New Zealand Subantarctic Islands

Seals running ashore on Campbell Island

New Zealand's Subantarctic Islands lie far to the south of Stewart Island and are five groups of uninhabited and windswept islands of the Southern Ocean. Once a hazard in the days of sailing ships, the islands are now wildlife preserves which, due to their isolation, are only visited occasionally, mostly by scientists or conservation workers. The islands are inscribed on the UNESCO World Heritage List.


A rainbow and an albatross, over Broughton Island, the second largest island in the Snares.


Yellow-eyed penguins in the Auckland Islands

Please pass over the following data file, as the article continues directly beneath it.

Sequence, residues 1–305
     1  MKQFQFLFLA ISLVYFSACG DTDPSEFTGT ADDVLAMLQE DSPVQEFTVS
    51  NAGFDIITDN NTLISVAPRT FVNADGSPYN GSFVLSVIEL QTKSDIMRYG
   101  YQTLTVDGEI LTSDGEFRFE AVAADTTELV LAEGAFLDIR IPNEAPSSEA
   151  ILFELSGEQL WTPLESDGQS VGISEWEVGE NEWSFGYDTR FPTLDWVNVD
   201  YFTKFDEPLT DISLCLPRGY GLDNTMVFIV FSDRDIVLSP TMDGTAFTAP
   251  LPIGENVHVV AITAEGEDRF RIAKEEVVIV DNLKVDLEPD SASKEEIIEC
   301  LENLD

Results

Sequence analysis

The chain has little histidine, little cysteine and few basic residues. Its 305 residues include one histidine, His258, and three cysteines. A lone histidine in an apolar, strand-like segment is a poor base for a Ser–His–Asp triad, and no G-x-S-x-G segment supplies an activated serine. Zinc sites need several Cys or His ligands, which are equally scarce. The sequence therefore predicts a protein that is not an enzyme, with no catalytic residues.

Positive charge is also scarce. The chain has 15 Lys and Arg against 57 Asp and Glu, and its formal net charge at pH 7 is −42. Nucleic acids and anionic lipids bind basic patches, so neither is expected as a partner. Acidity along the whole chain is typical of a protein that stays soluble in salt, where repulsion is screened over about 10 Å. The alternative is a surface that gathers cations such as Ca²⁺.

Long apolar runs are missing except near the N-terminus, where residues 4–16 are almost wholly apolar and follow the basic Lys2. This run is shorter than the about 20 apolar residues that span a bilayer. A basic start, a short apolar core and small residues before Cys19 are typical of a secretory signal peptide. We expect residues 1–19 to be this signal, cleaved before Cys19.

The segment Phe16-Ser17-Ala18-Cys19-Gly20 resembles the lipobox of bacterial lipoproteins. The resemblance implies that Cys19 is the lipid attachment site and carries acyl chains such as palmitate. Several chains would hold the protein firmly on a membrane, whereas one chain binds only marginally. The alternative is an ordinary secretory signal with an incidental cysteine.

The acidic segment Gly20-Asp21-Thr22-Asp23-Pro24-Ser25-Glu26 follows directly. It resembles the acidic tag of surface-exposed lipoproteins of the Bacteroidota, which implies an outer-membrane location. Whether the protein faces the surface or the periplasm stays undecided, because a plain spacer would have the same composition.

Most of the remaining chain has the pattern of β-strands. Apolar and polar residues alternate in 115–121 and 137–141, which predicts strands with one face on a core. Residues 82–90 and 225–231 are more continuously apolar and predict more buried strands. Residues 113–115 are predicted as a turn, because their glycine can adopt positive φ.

In Nov 2013, contributors to the respected journal Science chose these Sub-Antarctic Islands as one of only 78 protected areas around the globe as the most critical for preventing the extinction of mammals, birds and amphibians.

These Sub-Antarctic Islands provide nesting sites for hundreds of thousands of seabirds, and the waters surrounding them harbour the endangered New Zealand sea lion.

Get in

Access to these islands is generally by, or with the support of, a boat. The islands are beyond the (return) range of most helicopters and there is no airstrip for fixed wing aircraft. Access is generally by permit only. Companies offering trips visiting the islands include:


Stay safe

Weather in this part of the world can be extreme.

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This article is issued from Wikivoyage - version of the Thursday, December 10, 2015. The text is available under the Creative Commons Attribution/Share Alike but additional terms may apply for the media files.